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Our friends Chip and Dave arrived in Brisbane on Saturday, June 7. Chip was still recovering from surgery to repair a torn rotator cuff in his left shoulder and had only about 50% use of his left arm. But Chip was a veteran of Shear Madness, having visited us in March 2002 when he arrived on the heels of Tropical Cyclone Diaz. Fortunately this time, he arrived well after the end of cyclone season on May 1. But it seems someone forgot to tell Gina! Starting as a small tropical depression, Gina was now a full-blown cyclone hovering just off the coast of New Caledonia and right in our path. We had planned to depart on Sunday but decided to wait and see if Gina began to dissipate as predicted. By Sunday night, she was weakening, so we were set for a departure Monday afternoon.
At 14:00 on Monday, June 9, we departed from Mooloolaba to sail approximately 800 nautical miles, a journey we expected to take 4 ½ to 5 days. The crew got right to work and soon had the main up – triple reefed. Supplemented by the staysail, we were off. The 25-knot wind was on our nose so it was a little uncomfortable, but at least we were away. Surely the winds would move south as we progressed.
Just after sunset on the first night, with the winds continuing at a constant 25 knots, we heard an ominous noise – a loud crack – from the bow. The Kevlar shackle on the staysail had blown and the staysail was flapping wildly. Dave and Ron rushed forward and had soon gathered the sail and brought it below. We continued on with a partial Yankee (genoa) out at about 50%. This provided us enough power to keep our momentum through the ever increasing waves. Soon it was time for dinner – except that all but Ron were looking a little green – and we decided to eat light!
We maintained a two-person watch 24 hours a day throughout the trip. After the first 24 hours, we had covered a mere 130 miles (on previous trips, with the right conditions, we can easily make 200 miles a day). Surely the winds would shift soon! But for the next six days it was more of the same. Winds of 25 knots in our face with seas at about 3 meters. During that time, we saw one fishing boat, two dolphins, and four flying fish that landed onboard. Otherwise, we had the ocean to ourselves. With constant waves crashing over us, foul weather gear was the dress 24 hours a day.
At 03:00 on the third day, Bradley heard gushing water from under the sink in the galley. We roused Ron and soon found that the filter for the fresh water system had cracked, creating a large leak and providing a nice freshwater washdown for the bilge. An hour later, the filter had been replaced (yes, we had a spare on board) and things were back to normal. But the staysail and the filter incident led to a discussion on the night watch about the old superstition that bananas on board a boat were bad luck. Two of the five of us had heard this, but none of us knew where the superstition had come from. We resolved to eat the remaining bananas on board as quickly as possible and to research the source of the superstition.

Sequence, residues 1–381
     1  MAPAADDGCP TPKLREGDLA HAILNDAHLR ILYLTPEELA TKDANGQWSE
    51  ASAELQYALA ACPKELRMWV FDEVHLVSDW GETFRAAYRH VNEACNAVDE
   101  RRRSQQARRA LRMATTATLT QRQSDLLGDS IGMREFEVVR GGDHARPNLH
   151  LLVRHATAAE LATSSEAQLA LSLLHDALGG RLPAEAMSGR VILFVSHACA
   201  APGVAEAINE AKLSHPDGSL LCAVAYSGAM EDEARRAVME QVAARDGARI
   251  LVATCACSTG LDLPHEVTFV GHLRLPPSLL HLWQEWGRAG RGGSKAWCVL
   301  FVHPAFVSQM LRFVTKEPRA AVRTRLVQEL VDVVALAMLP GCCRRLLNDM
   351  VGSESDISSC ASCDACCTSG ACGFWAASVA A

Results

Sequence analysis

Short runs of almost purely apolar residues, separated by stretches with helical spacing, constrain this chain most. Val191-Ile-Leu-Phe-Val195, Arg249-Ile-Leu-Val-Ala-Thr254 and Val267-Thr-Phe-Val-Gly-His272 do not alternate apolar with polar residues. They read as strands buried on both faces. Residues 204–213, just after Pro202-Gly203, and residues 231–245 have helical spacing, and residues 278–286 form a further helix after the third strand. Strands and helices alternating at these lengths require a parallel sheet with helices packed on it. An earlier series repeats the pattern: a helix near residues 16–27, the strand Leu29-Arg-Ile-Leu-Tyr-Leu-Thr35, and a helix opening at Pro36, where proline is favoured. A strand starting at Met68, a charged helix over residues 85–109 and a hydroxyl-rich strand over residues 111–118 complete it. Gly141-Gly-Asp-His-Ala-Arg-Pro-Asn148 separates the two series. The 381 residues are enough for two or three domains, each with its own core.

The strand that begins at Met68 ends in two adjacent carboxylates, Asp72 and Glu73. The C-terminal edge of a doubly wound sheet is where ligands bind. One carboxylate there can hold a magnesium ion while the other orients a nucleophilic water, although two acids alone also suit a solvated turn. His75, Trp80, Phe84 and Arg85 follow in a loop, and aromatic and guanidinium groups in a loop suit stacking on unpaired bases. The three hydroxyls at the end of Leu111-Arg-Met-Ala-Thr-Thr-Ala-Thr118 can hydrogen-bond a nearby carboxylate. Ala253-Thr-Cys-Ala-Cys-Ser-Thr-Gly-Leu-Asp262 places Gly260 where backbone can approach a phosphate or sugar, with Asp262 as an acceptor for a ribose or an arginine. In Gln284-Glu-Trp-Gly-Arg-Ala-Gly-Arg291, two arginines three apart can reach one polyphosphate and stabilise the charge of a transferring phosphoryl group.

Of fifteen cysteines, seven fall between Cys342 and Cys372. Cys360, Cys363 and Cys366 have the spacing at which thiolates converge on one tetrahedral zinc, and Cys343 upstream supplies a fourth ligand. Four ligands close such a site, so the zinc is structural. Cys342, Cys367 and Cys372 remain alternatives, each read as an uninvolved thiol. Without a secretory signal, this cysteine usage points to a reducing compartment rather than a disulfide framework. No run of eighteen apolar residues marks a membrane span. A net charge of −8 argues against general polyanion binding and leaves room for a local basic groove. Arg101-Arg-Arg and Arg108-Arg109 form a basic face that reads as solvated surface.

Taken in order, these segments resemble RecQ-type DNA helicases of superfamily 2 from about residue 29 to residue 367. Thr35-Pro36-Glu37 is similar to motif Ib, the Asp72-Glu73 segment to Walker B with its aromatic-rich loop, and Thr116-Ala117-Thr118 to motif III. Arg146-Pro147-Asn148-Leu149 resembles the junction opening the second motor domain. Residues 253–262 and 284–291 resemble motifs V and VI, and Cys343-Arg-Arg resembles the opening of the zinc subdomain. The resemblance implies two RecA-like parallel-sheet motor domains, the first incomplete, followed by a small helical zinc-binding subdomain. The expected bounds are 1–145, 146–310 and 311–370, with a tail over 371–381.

By the next night, there was still one banana on board and bad luck struck again. The bilge pump stopped working, but not the water alarm. Why do these things always happen in the middle of the night? The night watch was tasked with manually pumping the bilge. To be honest, we were just grateful for something to do at that point!
Early on the morning of Friday the 13th, I ate the last banana. This was the day we had hoped to arrive in New Caledonia but now it looked like we would not get there before Sunday night. Several more days of beating into the wind lay ahead of us! As midnight came and went we breathed a sigh of relief that nothing had happened on this traditionally unlucky day. Finally, it looked like the winds might shift and they had decreased to 10-15 knots. We had been motor sailing with just the main and decided to try to sail again. No sooner had we got the Yankee out (out 100% this time for the lighter wind) than the wind shifted again and gusted to 25 knots. Not good for the nice china pasta bowls on the counter in the galley! Crash, bang, ouch! Three out of four of them were casualties. In came the sail and on went the engine again.
On Saturday afternoon we spotted the coast of New Caledonia. We were now only about 120 miles from our destination of Noumea. The winds were easing but still blowing right on our nose. So motor sailing it was. But the seas were smaller now – only about one meter – and we were able to discard our foul weather gear for most of the daylight hours at least. Saturday night we enjoyed a beautiful sunset on a calm sea. Our enjoyment was enhanced by the knowledge that this would be our last night watch and we would soon be safe in Noumea.
Realizing we would not make Noumea before sunset on Sunday, we anchored for the night off a small nearby island. It was amazing to think we were even in the same ocean. It was like glass, with hardly a ripple. We celebrated with a real happy hour and then cooked steaks on the grill. Our appetites had really returned! The next morning we motored into Noumea where we cleared in through customs and immigration, cleaned up the boat, and enjoyed exploring the town and a wonderful French dinner.